News & Updates
Resources on the New Public Charge Rule
For handouts about Public Charge to give to families:
These new information handouts for providers and families are currently only in English. Check back soon for Spanish versions.
A short update on the Public Charge changes:
In Spanish: https://www.facebook.com/MamasConPoder/videos/2226355207654554/
In English: https://www.facebook.com/MomsRising.org/videos/1446244678847937/
What is Public Charge and How Does it Affect Immigrant Families?
What is public charge?
The Trump Administration is seeking to change immigration policy through new rules for immigrants who apply for lawful permanent residence (LPR, or "green card"). The new rules will replace family immigration policies in favor of policies that favor richer and better educated immigrants. The rules will also greatly expand the programs whose use could lead to a public charge determination. This could lead to the denial of legal permanent residence for many immigrants. It will likely also have the effect of discouraging many immigrants from using any government services, regardless of their status.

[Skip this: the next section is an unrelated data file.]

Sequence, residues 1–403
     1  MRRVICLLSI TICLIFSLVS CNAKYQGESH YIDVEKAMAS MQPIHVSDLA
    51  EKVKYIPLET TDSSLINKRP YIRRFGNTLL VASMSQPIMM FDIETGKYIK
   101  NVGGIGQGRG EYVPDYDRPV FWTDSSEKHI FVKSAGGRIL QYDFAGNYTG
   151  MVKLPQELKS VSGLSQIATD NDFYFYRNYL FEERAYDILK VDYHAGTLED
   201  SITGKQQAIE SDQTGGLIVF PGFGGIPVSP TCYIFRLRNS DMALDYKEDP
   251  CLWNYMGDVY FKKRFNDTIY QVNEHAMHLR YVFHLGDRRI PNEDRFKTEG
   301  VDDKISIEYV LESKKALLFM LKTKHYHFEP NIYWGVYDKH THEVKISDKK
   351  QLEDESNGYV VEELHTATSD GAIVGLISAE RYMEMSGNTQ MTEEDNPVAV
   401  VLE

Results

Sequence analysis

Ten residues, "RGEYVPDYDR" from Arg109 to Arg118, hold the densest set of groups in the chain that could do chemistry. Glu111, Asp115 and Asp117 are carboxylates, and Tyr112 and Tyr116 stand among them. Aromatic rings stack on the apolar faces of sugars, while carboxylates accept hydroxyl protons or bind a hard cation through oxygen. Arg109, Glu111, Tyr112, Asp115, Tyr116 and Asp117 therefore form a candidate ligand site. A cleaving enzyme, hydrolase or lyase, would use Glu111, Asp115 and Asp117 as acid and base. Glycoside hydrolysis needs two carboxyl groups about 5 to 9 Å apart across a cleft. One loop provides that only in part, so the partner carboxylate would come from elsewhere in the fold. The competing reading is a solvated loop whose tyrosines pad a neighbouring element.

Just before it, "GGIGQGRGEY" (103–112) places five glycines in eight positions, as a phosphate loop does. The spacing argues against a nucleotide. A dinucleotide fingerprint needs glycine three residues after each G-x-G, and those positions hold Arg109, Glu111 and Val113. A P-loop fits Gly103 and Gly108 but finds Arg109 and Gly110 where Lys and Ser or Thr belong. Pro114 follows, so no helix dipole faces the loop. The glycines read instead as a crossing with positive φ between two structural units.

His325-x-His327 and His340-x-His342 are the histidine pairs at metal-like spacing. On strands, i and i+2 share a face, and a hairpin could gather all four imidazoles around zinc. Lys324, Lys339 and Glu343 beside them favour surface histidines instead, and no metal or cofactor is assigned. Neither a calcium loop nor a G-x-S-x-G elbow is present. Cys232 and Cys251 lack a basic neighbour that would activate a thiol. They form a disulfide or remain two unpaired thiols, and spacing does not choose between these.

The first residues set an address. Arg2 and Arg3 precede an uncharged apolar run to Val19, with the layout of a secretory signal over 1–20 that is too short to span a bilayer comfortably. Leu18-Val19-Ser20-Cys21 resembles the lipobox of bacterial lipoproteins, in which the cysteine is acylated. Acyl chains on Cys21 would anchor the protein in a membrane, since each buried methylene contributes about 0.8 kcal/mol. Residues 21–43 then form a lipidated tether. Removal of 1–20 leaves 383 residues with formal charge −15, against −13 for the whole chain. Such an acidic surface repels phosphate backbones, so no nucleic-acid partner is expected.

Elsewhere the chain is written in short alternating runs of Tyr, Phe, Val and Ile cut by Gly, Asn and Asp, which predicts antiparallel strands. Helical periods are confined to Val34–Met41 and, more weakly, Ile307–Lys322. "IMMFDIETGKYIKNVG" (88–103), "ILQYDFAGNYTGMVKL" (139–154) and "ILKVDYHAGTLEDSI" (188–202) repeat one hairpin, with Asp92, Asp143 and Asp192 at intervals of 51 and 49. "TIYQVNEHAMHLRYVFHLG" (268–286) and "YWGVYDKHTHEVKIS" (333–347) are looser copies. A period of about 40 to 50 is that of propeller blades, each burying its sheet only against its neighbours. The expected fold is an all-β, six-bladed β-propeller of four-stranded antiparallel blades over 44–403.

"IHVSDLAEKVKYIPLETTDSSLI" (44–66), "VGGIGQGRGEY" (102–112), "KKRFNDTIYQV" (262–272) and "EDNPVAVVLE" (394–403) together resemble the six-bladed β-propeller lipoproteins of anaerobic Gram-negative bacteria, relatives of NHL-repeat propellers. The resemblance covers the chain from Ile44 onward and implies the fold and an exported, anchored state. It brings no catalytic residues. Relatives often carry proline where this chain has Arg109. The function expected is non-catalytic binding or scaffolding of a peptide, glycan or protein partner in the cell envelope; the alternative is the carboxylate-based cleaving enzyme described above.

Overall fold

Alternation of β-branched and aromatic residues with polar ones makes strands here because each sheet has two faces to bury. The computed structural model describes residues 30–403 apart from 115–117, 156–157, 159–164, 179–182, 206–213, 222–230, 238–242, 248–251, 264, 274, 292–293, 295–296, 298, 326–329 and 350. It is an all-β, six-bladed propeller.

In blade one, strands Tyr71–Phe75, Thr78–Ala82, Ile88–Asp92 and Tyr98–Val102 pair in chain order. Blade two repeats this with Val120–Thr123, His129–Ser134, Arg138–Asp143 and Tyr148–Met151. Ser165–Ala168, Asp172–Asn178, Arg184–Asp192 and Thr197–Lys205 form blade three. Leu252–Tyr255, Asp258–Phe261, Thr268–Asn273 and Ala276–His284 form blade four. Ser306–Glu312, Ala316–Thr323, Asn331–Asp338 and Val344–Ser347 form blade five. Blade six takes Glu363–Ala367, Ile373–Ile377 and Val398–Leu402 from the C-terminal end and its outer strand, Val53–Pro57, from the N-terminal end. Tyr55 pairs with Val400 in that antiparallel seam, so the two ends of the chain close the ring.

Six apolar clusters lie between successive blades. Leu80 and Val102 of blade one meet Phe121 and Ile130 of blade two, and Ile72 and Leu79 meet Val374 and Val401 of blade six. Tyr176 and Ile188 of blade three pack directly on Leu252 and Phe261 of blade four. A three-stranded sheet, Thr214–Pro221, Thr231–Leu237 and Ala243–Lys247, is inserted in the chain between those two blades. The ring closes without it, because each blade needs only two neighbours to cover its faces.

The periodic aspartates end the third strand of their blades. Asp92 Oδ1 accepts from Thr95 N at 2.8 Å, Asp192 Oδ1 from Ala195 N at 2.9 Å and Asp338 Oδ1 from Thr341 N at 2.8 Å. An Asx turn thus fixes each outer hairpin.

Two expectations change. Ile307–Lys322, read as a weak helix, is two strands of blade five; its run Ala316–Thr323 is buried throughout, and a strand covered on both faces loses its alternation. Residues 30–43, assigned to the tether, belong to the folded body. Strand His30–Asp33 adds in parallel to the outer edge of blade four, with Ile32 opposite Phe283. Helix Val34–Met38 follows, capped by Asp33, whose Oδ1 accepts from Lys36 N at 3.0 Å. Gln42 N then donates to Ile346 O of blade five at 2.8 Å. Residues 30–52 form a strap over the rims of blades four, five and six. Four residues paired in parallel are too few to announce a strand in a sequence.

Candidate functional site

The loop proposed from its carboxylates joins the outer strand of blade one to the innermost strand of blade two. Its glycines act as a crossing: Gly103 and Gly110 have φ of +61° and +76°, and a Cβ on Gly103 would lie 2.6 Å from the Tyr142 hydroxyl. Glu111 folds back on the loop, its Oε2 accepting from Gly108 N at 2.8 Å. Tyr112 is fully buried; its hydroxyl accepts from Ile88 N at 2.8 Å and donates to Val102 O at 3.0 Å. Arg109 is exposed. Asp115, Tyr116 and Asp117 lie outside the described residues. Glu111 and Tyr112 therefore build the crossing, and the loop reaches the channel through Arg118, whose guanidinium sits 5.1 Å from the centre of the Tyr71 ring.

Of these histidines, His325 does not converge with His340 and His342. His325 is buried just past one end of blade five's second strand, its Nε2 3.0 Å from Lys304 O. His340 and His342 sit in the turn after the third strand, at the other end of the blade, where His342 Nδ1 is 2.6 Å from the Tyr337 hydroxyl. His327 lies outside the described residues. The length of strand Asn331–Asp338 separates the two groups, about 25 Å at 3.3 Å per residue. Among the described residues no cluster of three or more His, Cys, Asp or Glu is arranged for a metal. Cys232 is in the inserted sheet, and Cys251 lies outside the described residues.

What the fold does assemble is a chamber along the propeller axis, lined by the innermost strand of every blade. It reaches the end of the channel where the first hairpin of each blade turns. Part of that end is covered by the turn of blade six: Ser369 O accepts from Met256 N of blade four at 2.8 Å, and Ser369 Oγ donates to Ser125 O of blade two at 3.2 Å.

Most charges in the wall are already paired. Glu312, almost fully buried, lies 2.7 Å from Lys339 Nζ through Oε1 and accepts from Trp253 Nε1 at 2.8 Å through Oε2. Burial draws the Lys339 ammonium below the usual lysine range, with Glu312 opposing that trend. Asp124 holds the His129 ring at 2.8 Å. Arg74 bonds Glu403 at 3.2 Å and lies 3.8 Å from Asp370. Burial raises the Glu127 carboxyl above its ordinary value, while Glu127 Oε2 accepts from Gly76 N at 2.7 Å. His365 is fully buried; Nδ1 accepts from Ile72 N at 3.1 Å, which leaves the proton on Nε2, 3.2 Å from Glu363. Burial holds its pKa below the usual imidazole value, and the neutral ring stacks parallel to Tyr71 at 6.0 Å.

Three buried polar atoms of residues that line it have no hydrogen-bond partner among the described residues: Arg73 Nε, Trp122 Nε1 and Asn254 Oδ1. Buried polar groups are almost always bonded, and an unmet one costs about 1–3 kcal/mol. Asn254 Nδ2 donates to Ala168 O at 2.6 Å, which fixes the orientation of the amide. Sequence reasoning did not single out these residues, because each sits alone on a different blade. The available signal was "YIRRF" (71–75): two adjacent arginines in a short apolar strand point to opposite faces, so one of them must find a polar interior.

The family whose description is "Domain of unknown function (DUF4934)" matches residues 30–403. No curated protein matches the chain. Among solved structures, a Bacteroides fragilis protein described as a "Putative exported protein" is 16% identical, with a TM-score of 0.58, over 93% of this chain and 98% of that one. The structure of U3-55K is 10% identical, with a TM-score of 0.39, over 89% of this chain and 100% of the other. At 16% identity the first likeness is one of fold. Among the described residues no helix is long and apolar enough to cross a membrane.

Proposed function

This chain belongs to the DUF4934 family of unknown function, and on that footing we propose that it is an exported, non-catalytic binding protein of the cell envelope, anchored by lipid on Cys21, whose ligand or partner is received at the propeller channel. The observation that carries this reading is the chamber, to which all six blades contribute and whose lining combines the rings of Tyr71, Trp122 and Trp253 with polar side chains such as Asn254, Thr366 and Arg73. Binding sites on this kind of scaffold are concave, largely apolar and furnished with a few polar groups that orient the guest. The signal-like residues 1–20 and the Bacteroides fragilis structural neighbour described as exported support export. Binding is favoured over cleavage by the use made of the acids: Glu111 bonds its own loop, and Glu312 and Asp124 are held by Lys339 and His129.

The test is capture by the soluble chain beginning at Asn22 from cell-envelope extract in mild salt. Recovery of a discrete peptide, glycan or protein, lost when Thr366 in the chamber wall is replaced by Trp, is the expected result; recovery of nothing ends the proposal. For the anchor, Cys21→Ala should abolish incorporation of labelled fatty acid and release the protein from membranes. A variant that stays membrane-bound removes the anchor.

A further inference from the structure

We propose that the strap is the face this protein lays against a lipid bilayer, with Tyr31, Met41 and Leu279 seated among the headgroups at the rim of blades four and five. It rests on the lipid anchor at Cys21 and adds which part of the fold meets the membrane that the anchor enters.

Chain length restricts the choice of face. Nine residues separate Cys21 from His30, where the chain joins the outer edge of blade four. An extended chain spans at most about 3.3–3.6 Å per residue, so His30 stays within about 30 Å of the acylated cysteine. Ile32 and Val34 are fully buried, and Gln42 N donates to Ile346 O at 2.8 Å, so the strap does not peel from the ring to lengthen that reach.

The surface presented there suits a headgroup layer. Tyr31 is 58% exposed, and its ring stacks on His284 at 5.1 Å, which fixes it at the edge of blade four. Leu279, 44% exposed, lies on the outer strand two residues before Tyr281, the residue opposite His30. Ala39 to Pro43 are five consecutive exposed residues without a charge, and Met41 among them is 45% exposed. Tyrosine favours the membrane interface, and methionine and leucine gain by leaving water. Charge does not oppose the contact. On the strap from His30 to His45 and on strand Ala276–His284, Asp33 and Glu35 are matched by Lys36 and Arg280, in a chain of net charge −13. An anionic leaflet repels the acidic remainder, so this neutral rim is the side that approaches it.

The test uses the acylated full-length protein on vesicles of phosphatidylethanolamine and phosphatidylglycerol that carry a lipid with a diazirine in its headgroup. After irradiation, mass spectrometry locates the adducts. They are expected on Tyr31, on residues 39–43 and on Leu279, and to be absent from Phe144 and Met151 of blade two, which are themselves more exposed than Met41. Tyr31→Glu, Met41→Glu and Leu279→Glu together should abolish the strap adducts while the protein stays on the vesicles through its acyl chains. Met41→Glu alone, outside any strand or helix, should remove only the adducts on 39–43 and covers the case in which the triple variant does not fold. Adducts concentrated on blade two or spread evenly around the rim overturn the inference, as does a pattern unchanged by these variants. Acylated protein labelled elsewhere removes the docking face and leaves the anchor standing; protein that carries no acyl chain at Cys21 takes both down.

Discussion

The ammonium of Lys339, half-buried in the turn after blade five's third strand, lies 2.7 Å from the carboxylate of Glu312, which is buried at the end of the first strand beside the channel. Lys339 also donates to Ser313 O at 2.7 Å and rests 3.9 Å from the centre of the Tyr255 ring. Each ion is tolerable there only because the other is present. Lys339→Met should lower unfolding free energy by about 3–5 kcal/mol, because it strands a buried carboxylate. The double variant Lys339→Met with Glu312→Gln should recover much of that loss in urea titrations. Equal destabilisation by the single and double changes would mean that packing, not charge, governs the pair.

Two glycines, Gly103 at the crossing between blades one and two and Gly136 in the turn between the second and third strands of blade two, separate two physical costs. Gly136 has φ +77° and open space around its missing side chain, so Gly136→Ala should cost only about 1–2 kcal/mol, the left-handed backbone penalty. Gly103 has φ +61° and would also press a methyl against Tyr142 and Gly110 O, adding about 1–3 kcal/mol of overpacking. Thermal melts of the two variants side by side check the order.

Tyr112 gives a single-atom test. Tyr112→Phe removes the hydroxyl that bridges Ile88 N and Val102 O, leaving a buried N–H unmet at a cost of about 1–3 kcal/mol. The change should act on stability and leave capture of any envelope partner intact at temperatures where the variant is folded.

"Public charge" is a ground of inadmissibility that could bar a person's admission to the U.S. on a visa or deny their adjustment of status to that of a lawful permanent resident. During the LPR application process, the government looks at the "totality of circumstances," including whether the applicant has used cash aid (TANF, SSI, General Assistance) or government-funded long term care and other factors. If a person is determined to be likely to become a public charge - someone who will be dependent on the government for basic needs - then they are denied.
What are the changes?
The new federal regulations will expand the programs whose use can lead to a public charge determination to include programs such as Medi-Cal (except emergency, pregnancy-only, and state-only services), CalFresh (Food Stamps), and Section 8 housing vouchers. Currently only the receipt of cash benefits such as CalWorks, and long term care are included.
The rules also add factors for the "totality of circumstances" balancing test that will make it harder for low and moderate income people to pass.
For individual cases, consult an immigration attorney or a BIA-accredited representative:
Catholic Charities: https://catholiccharitiescentralcoast.org
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